by Carol Connelly
Sexual Assault Services Program Coordinator

Several years ago, Jules was laid off from a construction company. Her former supervisor, Frank, maintained communication with her and encouraged her to reapply when there was a new opening. She had been unemployed for 15 months when Frank advised her of a job opening. She applied and was rehired by Frank, but little did she know that he had ulterior motives.

After she began work, the single mother of two noticed her schedule was shifted so she was working later than others, her office was in an isolated location, she had been handed an unusually heavy workload, and she was often alone with her supervisor. One day, Jules walked with Frank five blocks from the company campus to one of the construction sites she supervised. With no warning, he pulled her into a room out of sight of windows, pushed her up against the wall, kissed her, undid her bra, and pulled down her pants. Jules froze and, in a state of shock, did not engage or scream. She was scared and humiliated.

Frank exploited Jules’ vulnerability as a single mom, desperate to keep her job, especially after being out of work for 15 months. Jules did not know what to do. She reasoned that since there was no penetration, that he didn’t technically rape her. So she did not go to the police.

Frank assaulted Jules on several more occasions and with each assault, he was more aggressive. Jules began telling coworkers about the assaults, from contractors to security, seeking advice but found little help. Some didn’t believe her story and disregarded her pleas for help and for holding the supervisor accountable for inappropriate actions. Others wanted to help her, but were afraid of losing their jobs. The stress of the assaults began taking a toll on Jules’ health. Her demeanor changed. She had bouts of depression and smiled very little.

April is Sexual Assault Awareness Month. Sexual violence is pervasive in our society and encompasses everything from verbal harassment to rape. Sexual violence can happen to anyone, anywhere and at any time. According to the Centers for Disease Control and Prevention, nearly 1 in 5 women and 1 in 71 men in the United States experience a rape in their lifetime.

A 2014 study conducted by the University of Minnesota and the Women’s Foundation of Minnesota says that in Minnesota:

  • 1 in 3 Minnesota women have experienced a rape or attempted rape by mid-life.
  • 12 percent of all seniors in high school reported a date-related sexual assault.
  • On Minnesota college campuses, 1 in 4 female students have been sexually assaulted by the age of 23.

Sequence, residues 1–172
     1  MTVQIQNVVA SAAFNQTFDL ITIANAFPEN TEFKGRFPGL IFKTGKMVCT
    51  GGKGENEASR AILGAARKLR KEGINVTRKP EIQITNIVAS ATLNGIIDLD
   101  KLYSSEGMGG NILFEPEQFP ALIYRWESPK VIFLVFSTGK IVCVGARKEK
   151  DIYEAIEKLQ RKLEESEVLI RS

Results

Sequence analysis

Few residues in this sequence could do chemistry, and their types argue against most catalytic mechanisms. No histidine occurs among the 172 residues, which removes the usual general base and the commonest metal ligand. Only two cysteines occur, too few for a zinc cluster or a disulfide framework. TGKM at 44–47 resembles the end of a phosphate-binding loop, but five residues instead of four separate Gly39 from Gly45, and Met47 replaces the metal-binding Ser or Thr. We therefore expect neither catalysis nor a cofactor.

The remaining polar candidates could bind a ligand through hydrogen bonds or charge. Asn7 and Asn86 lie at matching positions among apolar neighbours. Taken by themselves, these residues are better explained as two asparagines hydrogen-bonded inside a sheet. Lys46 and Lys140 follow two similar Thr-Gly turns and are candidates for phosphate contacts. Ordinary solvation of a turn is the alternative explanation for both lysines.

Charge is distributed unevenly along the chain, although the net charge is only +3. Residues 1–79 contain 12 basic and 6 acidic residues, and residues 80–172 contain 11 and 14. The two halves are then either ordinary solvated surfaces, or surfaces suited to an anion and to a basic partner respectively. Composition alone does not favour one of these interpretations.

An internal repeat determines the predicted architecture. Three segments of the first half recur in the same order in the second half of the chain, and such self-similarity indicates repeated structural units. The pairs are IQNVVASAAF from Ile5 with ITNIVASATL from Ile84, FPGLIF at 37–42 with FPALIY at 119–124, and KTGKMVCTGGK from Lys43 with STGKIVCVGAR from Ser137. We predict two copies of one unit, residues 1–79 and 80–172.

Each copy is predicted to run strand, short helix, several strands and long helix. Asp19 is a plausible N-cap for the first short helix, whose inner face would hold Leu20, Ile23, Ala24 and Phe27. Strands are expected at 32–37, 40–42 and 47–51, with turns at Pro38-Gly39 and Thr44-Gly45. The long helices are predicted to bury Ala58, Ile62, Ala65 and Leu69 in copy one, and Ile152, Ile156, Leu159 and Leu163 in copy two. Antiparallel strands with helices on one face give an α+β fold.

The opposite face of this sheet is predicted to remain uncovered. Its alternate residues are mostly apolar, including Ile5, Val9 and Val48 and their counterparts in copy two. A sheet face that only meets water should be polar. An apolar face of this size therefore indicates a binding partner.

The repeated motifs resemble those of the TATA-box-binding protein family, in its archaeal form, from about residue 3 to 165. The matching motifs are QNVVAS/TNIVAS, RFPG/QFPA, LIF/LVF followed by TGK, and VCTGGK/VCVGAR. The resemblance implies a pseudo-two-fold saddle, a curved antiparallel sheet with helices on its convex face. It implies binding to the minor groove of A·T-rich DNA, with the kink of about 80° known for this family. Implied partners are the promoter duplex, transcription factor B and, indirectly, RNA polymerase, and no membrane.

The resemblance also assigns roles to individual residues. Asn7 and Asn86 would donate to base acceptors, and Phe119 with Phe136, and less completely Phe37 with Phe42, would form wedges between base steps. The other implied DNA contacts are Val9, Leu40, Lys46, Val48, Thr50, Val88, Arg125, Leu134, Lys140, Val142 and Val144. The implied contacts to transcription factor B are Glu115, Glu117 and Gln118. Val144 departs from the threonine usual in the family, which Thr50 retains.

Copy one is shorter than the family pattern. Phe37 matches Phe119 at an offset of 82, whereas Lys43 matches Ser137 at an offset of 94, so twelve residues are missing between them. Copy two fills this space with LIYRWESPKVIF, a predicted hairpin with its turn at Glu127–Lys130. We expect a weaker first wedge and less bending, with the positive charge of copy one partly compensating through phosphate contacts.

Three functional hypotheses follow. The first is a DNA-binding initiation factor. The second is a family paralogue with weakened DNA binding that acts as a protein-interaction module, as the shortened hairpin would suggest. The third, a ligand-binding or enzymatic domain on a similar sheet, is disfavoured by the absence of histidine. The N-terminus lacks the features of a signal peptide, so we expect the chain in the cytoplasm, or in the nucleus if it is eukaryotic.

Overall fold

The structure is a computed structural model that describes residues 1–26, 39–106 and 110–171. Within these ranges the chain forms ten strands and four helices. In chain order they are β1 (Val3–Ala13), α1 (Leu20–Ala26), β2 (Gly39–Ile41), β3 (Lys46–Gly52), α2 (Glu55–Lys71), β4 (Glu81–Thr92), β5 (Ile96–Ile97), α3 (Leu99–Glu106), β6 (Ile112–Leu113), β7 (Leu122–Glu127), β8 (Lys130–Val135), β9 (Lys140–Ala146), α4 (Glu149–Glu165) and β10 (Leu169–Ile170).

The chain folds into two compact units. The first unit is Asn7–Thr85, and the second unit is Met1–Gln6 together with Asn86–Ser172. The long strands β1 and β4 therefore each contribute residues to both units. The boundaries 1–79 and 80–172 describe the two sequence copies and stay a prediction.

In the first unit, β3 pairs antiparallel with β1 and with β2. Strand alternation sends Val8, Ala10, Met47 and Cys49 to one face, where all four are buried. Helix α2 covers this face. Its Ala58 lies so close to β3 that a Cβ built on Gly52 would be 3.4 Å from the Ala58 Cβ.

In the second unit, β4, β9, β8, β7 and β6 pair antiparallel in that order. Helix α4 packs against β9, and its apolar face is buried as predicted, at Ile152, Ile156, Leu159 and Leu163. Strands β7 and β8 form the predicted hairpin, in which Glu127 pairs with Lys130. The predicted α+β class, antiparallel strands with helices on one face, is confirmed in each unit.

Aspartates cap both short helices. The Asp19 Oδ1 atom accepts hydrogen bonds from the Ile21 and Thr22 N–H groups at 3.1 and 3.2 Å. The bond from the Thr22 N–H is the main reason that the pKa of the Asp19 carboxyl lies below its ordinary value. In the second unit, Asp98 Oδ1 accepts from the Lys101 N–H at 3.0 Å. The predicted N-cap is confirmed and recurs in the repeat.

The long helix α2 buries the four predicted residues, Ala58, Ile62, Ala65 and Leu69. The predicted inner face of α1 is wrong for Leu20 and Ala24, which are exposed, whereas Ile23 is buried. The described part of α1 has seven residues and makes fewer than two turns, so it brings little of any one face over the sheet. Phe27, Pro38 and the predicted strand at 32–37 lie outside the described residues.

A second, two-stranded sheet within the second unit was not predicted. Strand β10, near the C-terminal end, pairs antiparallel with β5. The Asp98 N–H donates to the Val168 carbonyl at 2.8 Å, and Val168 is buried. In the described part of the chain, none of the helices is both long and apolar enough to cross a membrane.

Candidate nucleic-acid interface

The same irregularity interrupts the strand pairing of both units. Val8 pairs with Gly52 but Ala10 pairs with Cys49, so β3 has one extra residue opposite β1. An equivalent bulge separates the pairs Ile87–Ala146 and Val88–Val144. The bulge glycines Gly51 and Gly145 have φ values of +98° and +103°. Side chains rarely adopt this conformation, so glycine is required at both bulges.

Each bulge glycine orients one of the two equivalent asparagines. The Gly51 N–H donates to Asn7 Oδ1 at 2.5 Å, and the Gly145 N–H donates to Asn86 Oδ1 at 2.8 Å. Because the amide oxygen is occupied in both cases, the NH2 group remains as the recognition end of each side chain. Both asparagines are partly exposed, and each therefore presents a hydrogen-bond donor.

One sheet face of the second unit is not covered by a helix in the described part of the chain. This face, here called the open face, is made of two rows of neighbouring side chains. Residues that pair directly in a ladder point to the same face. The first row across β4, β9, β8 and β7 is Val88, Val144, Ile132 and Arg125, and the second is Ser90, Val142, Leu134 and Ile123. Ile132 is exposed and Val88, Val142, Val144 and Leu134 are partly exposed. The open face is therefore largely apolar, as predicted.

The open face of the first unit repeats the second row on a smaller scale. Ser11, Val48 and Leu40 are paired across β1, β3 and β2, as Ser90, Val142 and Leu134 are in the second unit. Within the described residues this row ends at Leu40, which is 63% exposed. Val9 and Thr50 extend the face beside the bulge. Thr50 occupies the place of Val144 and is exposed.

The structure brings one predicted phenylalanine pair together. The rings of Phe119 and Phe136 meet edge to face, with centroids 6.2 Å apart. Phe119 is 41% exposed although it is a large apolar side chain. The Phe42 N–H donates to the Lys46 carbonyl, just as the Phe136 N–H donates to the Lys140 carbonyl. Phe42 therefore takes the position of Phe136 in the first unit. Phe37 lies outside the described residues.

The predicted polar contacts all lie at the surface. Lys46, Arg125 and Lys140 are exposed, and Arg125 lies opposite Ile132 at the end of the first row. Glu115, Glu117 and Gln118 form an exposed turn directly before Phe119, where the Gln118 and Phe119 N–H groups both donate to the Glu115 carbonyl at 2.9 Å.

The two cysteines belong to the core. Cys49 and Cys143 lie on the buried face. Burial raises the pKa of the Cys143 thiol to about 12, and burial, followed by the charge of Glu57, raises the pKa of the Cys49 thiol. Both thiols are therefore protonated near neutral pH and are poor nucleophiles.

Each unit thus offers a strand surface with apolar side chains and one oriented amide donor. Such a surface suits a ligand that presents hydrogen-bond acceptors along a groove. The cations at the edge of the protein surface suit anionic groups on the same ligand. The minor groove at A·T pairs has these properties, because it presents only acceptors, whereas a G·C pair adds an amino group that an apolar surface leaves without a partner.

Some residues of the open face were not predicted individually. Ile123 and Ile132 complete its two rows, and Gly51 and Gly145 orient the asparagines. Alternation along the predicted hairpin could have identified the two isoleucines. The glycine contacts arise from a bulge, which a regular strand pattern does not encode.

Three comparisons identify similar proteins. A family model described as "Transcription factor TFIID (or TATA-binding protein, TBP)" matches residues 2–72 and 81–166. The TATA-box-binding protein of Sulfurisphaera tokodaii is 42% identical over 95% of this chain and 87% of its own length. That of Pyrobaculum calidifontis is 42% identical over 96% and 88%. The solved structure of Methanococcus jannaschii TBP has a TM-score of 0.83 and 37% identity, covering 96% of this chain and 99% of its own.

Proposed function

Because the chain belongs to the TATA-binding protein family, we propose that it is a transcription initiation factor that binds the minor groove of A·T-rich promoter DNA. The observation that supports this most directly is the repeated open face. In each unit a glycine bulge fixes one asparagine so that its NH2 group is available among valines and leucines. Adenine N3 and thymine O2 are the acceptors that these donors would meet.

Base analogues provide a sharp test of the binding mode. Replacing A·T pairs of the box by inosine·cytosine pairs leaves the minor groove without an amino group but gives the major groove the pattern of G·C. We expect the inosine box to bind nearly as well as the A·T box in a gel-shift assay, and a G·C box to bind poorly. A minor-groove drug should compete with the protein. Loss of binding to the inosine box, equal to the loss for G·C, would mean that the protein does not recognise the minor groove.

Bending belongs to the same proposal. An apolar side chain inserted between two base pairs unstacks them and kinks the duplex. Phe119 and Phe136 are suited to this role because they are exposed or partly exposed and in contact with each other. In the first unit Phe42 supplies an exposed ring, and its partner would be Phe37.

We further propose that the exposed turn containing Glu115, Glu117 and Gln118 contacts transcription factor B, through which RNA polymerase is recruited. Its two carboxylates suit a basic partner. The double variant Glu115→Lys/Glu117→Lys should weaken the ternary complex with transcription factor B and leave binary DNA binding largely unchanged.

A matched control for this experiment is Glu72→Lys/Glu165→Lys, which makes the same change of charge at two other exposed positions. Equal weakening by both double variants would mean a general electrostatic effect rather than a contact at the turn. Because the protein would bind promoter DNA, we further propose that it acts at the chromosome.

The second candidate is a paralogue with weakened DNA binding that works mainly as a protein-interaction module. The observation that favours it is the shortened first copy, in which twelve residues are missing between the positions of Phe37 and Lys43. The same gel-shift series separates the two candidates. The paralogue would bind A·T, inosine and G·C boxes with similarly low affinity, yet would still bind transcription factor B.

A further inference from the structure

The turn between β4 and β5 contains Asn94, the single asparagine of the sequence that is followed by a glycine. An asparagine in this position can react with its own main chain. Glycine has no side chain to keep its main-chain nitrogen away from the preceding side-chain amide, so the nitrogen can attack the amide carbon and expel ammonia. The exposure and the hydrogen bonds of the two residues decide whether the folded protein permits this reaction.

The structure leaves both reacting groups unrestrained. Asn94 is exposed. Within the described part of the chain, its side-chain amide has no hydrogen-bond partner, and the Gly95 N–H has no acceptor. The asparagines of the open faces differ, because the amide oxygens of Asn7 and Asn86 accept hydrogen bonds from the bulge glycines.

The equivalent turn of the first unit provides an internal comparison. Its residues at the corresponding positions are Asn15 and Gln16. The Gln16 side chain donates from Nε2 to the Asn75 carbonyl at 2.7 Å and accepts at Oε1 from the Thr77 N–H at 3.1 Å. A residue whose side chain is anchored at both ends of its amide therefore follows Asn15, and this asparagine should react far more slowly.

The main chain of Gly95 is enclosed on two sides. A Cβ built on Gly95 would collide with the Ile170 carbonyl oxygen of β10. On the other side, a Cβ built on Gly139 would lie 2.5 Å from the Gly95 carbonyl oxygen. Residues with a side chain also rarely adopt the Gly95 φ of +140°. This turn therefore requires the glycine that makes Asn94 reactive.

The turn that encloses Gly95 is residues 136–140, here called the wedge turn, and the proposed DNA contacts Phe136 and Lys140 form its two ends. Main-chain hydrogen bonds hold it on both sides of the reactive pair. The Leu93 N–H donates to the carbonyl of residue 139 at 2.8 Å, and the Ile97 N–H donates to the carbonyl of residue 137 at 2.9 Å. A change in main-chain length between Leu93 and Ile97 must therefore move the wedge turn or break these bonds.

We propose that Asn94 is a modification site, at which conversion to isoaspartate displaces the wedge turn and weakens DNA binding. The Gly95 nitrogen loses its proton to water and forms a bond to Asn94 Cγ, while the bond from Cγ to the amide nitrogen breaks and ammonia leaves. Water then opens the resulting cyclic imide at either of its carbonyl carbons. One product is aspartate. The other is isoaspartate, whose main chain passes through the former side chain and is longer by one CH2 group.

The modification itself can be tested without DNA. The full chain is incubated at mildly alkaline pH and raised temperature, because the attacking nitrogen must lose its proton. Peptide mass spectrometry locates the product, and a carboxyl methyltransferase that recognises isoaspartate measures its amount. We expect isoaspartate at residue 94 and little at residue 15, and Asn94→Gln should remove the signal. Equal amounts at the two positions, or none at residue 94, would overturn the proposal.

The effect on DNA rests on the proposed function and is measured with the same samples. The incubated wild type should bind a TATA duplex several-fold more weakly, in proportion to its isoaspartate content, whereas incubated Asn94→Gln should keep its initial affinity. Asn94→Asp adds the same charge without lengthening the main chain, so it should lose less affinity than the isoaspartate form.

It is important to note that these statistics are endemic. That means they are predictable and represent the norm year after year. There are systems of oppression and power dynamics that support the existence of this level of sexual violence annually.

The US Department of Justice estimates that eight percent of rapes occur while the victim is working. Only about a quarter of rapes and sexual assaults were reported to police when compared to other violence crimes in the workplace. According to the Minnesota Department of Public Heath, in 2005 sexual violence in Minnesota cost an estimated $8 billion dollars in healthcare costs, justice system costs, lost wages, and much more. The internalized stress of Jules’ situation created problems with her digestive system and she required surgery to correct it.

One day, Jules confided in a female director at the company and explained what was happening to her. The director shared that she herself had been sexually assaulted decades earlier. She encouraged Jules to be the voice for the other women who had experienced similar assaults but kept silent, and to go to the Human Resources director with her information. Human Resources interviewed both Frank and Jules. Jules then filed a police report. Frank resigned but was hired back at the company a month later and Jules was moved to a remote office space, smaller and more cramped. Jules hired an attorney and eventually, Frank, his boss, and two other employees were forced to resign.

Frank was never criminally charged for his behavior. Unfortunately, Jules’ case is all too common. The burden of accountability is often placed incorrectly on the victim of the crime. For Jules, like many other survivors, disclosure was a process. Jules needed to work to be believed, she had to fight corporate incompetence in dealing with her complaints, and she had to seek out people of authority who she could trust to influence the outcome.

In the end, Jules has been forced to move forward without real justice while Frank has moved on to work at another company. But Jules is not defeated, she is a survivor. She recently attended 360 Communities’ Sexual Assault Advocacy Training so that she can empower other survivors.

Albert Einstein once said, “The world will not be destroyed by those who do evil, but by those who watch them without doing anything.” Together, let’s voice our opposition to all forms of sexual violence and change the social norms that allow sexual violence to occur in the first place.